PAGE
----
Produced for around $65 million, Long Kiss Goodnight came and went in four weeks and earned around $29 million, and at that point Black more or less disappeared from public life, although like Gatsby he still socialized. His parties became legendary. In 1998, Los Angeles magazine reported that he’d been feuding with the Fremont Place neighborhood association over “lengthy traffic jams” caused by guests arriving chez Shane. One of the big, ostentatious Hollywood-party scenes in Kiss Kiss Bang Bang — a movie that is, in part, about the ridiculousness of big, ostentatious Hollywood parties — was shot at Black’s house.
In 1997, before his hiatus turned into a vanishing act, Black sat down with Harmony Korine for a joint New York Times interview moderated by Lynn Hirschberg. You know those discussions where two filmmakers who seem to have nothing in common talk to each other and reveal both have an affinity for each other’s work and surprising artistic commonalities? This was not one of those.
After Korine lives up to his indie-imp rep by rolling in late, Hirschberg writes, he and Black “begin a colloquy that is not only about screenwriting but about identity.” Slow your roll, 16 Years Ago Lynn Hirschberg! The colloquy is barely even about screenwriting:
Korine: What are your movies — “Lethal Weapon”? And what else?
Black: “The Last Boy Scout.”
Korine: Oh, yeah. I saw those.
Black: “The Long Kiss Goodnight.”
Korine: I don’t remember. I don’t think I saw that. Who’s in that one?
But there’s a moment when Black starts talking about the action movie — a form whose precepts he codified and arguably perfected with Lethal Weapon — as something he barely recognizes anymore:
The worst of the action films are the ones where everything is one shout from beginning to finish. And there’s no differentiation between beats, like small or big, or quiet or expansive. It’s all just one loud shout. And by the end, the audience has been beaten in the face so many times, you could blow up the Taj Mahal and they’d go, “O.K., that’s nice.” Because they’ve seen so much. They’re just dead. We’re in a culture where people want to be deafened, apparently. And there’s an elegance, which is somehow missing. It used to be that when people talked, they talked in a very communicative way. They varied their tone, they varied their pitch. Now they just yell at you until you fall down. And that’s what I don’t like.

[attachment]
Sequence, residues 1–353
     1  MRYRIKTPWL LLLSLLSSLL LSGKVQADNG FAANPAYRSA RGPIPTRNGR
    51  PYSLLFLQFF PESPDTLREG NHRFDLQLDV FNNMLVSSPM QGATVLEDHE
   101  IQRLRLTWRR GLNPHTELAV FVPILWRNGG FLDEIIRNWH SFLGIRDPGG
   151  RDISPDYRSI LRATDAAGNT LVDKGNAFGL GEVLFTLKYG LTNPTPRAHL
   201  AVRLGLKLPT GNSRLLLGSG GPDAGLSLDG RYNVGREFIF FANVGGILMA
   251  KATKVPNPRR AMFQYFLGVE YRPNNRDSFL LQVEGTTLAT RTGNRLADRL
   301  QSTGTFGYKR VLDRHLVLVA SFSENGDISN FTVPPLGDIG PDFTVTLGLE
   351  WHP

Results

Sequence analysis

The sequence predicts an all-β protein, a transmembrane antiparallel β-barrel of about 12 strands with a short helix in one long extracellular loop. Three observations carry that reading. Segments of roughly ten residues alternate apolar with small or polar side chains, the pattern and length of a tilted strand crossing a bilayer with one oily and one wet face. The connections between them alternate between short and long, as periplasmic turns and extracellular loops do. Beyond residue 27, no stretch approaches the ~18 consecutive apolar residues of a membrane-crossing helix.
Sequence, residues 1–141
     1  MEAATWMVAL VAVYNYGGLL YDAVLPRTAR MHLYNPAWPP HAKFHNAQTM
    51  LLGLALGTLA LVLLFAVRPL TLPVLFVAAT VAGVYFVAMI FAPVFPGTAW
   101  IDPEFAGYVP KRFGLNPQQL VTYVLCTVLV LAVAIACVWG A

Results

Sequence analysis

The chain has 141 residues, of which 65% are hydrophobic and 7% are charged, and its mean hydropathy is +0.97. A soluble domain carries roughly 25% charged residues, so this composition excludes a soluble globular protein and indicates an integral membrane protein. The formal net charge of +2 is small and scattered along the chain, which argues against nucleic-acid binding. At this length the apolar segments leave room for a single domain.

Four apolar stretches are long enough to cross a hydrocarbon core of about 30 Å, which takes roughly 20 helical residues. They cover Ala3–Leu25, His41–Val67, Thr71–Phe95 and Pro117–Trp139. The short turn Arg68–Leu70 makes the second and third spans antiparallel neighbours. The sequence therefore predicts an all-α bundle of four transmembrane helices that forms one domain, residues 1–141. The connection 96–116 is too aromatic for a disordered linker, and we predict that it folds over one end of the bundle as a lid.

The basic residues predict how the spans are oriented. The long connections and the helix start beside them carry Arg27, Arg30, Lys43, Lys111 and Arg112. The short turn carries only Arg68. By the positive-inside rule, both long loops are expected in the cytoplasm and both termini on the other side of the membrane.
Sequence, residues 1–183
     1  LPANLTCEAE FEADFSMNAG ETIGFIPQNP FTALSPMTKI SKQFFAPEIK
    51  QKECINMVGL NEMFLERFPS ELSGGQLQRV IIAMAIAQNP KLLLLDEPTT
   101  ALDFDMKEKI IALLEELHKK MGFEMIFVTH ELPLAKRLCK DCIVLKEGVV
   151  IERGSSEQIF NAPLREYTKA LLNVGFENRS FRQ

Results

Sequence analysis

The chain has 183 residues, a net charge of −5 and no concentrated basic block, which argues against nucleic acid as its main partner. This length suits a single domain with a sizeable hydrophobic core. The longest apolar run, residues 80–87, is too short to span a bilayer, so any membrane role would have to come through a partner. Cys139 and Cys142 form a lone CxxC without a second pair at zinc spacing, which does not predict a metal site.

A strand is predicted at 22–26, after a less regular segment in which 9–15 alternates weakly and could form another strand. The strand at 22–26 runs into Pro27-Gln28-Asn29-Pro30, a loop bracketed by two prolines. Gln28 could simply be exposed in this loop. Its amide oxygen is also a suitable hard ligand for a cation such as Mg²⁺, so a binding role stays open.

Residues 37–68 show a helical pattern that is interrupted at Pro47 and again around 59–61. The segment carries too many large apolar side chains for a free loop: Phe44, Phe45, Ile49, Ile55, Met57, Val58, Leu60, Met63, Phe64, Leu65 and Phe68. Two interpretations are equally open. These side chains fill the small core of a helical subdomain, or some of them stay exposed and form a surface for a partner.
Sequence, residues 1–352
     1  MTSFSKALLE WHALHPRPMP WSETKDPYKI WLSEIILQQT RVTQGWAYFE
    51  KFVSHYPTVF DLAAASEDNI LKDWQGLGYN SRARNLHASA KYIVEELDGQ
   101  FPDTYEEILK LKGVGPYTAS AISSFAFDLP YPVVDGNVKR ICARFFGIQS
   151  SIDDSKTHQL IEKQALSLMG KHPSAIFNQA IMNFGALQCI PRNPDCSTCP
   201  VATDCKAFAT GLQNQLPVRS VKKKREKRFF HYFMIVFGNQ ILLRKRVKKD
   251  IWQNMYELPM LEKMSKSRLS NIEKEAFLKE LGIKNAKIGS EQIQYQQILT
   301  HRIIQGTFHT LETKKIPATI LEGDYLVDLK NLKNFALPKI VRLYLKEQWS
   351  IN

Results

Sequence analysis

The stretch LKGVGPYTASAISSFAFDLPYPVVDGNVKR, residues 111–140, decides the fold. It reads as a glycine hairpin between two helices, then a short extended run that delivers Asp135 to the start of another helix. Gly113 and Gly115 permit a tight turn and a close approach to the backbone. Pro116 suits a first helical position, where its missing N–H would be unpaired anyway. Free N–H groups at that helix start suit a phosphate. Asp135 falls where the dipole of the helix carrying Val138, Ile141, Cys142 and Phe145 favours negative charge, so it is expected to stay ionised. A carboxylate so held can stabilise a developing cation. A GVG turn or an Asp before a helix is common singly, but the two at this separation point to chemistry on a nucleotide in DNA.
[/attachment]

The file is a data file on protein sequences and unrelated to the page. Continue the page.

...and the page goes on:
There are a lot of ways to go awry as an artist once you get famous. You can become too good at replicating the thing you were rewarded for, or you can seize up in response to real or imagined pressure to keep doing that thing.
“There were some issues with expectation,” Black says. “When people would point to me as a brand instead of just a guy. Or a sum of money, a monetary figure, instead of just a guy. I was always about just telling the best story I can. I had little, artistic movies that I wanted to do. I consider Kiss Kiss Bang Bang to be one of those, oddly. It’s something that had been on my mind a long time.”
A Disney public-relations person jumps on the line, asking us to wrap it up so that Black can get on with the other 70,000 interviews he is undoubtedly doing today. There’s time for one more question. I ask Black if, when people were questioning whether or not he deserved all that spec-script money, he ever began to internalize that criticism and ask himself the same thing.
“I still like the scripts,” he allows. “Someone at one point said, ‘Black started to agree that he was a hack’ — that’s not true. I never doubted my commitment to this craft, or my ability to practice it. What I did begin to question was just how to make it happen again. I just wanted to tell these little stories. I wanted to work in comfort and peace. And to have that kind of initial, outlandish success, and that degree of attention, only distracts you from where your focus should be, which is getting to that next story, and making people turn the page to see what happens next.”